And I have to admit that I do now see why Twitter is good for writers. I have gained so much from Twitter in the past year that it’s now quite hard to imagine life without it. Not only is Twitter a virtual water cooler/coffee shop in terms of giving us solitary authors access to the daily banter that enhances the working day of those with ‘proper jobs’, but it has also provided me with a number of book recommendations I might not otherwise have discovered, it has opened the doors to such a wealth of interesting newspaper articles, blog posts, quotes and YouTube videos about writing and the writing process that I can never hope to read even a tenth of what’s available; it has provided real-time updates in the form of Tweets from writers’ conferences and events that that I haven’t been able to attend, and, most valuable of all, it has given me new friends.
Like many others, I was sceptical about Twitter. Wasn’t it all about celebrity gossip and the finer points of what Stephen Fry had for breakfast? And given the amount of time Twitter was bound to gobble up, how could it possible be ‘good for writers’?
Well, it’s almost a year since I joined Twitter, and I haven’t once learned what Stephen Fry has for breakfast (mind you, I don’t follow him, so his breakfast would have to be spectacular enough to warrant a retweet if I were ever to hear about it.)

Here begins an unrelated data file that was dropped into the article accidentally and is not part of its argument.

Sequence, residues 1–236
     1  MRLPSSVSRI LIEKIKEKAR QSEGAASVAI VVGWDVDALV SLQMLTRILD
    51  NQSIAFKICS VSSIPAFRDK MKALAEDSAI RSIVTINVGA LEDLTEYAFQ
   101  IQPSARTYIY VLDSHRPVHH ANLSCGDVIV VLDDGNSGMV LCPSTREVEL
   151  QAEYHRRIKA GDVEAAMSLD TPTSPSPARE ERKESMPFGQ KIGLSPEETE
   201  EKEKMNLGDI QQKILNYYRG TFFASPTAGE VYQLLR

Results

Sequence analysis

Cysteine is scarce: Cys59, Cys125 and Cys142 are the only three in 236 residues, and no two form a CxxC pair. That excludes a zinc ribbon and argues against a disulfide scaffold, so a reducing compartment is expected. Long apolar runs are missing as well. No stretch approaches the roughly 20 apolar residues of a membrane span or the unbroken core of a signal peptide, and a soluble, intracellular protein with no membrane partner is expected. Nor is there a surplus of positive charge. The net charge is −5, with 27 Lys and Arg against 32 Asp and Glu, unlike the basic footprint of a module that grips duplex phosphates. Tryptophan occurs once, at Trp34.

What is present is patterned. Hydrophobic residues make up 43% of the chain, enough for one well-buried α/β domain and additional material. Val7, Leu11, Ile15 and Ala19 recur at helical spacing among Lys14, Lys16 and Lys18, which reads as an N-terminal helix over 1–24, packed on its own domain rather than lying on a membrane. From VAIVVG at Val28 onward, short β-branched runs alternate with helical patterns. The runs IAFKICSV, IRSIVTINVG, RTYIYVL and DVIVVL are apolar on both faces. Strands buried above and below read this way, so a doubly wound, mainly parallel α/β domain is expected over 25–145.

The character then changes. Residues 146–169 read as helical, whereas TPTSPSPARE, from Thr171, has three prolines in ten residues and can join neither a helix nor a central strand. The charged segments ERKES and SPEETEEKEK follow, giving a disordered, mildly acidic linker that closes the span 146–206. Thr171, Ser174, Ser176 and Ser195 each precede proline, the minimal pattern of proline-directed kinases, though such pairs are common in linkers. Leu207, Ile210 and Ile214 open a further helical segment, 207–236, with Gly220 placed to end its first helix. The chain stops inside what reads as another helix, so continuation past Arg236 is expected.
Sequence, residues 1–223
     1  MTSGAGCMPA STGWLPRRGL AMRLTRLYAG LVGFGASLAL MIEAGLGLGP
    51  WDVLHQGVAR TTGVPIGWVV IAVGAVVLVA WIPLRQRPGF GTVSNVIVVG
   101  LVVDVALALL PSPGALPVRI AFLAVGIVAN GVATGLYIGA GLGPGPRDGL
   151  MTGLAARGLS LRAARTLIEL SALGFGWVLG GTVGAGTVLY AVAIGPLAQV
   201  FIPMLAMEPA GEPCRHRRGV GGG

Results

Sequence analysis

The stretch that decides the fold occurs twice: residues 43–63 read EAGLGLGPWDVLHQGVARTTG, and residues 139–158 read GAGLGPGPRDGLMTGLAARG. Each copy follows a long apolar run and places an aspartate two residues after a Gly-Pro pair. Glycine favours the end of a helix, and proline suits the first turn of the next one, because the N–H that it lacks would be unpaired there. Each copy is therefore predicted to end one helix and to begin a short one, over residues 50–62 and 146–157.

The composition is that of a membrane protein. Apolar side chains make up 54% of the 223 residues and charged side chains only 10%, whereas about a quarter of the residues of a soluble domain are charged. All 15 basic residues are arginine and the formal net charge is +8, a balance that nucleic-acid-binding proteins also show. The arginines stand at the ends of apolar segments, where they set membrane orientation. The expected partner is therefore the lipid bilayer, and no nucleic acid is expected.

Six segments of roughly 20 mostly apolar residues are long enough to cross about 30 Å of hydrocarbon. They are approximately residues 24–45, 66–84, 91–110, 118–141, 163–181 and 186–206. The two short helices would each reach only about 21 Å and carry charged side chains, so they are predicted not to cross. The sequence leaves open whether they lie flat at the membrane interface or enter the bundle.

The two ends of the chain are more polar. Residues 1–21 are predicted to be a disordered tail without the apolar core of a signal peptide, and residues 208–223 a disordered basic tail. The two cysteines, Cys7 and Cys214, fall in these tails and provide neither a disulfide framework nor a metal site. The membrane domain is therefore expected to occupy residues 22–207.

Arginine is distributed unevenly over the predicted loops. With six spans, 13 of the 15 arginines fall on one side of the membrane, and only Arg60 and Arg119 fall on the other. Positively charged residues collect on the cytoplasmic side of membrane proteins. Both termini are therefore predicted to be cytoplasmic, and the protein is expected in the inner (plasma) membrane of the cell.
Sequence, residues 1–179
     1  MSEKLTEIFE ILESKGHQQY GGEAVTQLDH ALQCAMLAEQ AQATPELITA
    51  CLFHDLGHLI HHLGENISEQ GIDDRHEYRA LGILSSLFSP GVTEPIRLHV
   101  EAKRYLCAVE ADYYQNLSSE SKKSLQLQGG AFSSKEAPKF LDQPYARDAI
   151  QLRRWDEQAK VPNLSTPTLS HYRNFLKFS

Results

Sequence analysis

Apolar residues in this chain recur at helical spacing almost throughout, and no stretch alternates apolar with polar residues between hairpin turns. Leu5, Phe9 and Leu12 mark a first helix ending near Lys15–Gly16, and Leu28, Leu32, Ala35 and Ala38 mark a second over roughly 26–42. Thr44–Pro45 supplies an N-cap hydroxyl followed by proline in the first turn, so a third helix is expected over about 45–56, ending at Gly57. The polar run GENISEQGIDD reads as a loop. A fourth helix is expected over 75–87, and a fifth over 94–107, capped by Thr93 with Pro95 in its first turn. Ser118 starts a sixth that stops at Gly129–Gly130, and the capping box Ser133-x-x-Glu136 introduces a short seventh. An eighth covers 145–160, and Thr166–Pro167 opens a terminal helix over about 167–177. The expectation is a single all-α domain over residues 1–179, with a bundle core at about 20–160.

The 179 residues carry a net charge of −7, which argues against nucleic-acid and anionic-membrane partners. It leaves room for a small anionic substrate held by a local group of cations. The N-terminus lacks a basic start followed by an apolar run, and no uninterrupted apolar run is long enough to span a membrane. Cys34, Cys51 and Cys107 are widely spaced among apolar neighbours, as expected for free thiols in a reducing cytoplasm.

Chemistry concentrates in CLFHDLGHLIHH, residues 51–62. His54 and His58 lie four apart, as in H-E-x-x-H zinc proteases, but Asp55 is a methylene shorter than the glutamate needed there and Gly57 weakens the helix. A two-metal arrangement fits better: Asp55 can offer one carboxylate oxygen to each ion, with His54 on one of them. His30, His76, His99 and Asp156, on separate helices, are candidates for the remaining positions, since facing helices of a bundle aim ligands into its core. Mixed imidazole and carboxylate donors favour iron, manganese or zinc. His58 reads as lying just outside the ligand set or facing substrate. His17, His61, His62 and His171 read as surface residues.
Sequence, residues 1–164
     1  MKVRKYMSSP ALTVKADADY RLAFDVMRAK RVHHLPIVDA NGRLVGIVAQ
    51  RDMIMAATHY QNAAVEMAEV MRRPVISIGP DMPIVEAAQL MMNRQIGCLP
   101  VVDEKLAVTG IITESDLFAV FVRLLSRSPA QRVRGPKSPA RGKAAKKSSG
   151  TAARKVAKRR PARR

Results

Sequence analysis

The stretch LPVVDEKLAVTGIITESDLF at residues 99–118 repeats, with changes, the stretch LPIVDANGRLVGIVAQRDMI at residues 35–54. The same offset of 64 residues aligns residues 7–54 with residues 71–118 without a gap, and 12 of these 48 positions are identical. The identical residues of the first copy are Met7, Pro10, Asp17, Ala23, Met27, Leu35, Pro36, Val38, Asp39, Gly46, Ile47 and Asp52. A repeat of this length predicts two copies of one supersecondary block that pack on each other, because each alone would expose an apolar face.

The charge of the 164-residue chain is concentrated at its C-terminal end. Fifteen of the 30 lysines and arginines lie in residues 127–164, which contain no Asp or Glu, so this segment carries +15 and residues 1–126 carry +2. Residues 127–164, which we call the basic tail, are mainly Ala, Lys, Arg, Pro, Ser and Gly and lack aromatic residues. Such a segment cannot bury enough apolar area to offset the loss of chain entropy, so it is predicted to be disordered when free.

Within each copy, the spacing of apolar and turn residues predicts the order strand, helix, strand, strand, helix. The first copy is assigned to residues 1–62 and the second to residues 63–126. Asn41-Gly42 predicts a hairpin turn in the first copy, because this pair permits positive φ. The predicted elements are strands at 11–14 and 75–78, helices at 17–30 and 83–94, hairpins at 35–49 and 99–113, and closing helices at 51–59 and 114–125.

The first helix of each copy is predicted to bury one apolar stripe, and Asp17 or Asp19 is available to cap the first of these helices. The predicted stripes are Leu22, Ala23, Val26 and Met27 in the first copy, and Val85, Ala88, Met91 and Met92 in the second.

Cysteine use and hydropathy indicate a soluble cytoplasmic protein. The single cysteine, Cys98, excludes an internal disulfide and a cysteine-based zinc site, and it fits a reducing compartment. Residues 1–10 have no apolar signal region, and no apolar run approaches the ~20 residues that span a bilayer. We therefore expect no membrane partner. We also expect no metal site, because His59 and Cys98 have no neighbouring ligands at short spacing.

The friends I’ve made on Twitter are mostly, but not all, other authors, and this means they understand a lot about my life, and I understand a lot about theirs. We empathise with the challenges we all face in our daily quest to ‘get some work done’; we sympathise with each other’s isolation; we commiserate over rejections and we celebrate successes.
But there is a downside. All this wonderful support comes from having a strong network of people that you frequently interact with, and interaction takes time. Twitter is also the BEST vehicle for procrastination, and what’s more, when you confess to procrastinating, loads of other authors will jump to your defence, convincing you that it’s normal or even desirable to procrastinate. I’m guilty of this myself and even wrote a blog post encouraging others. *hangs head in shame* See 7-ways-to-justify-procrastination
So, in the interests of the health of my second novel, and at the risk of returning to Twitter to find that no-one remembers me, I’ve decided to follow fellow author Isabel Ashdown’s (@isabelashdown) example and have a month (ish) away from Twitter. Gulp. I’m going away for a week in August anyway, and lots of other people will be away too, so I won’t miss much, right? Who am I kidding – I’ll miss loads.
But despite wondering how on earth I’m going to survive for a month without the support of my lovely Twitter mates, I’m going to take a deep breath, and I’m going to do it! See you in September!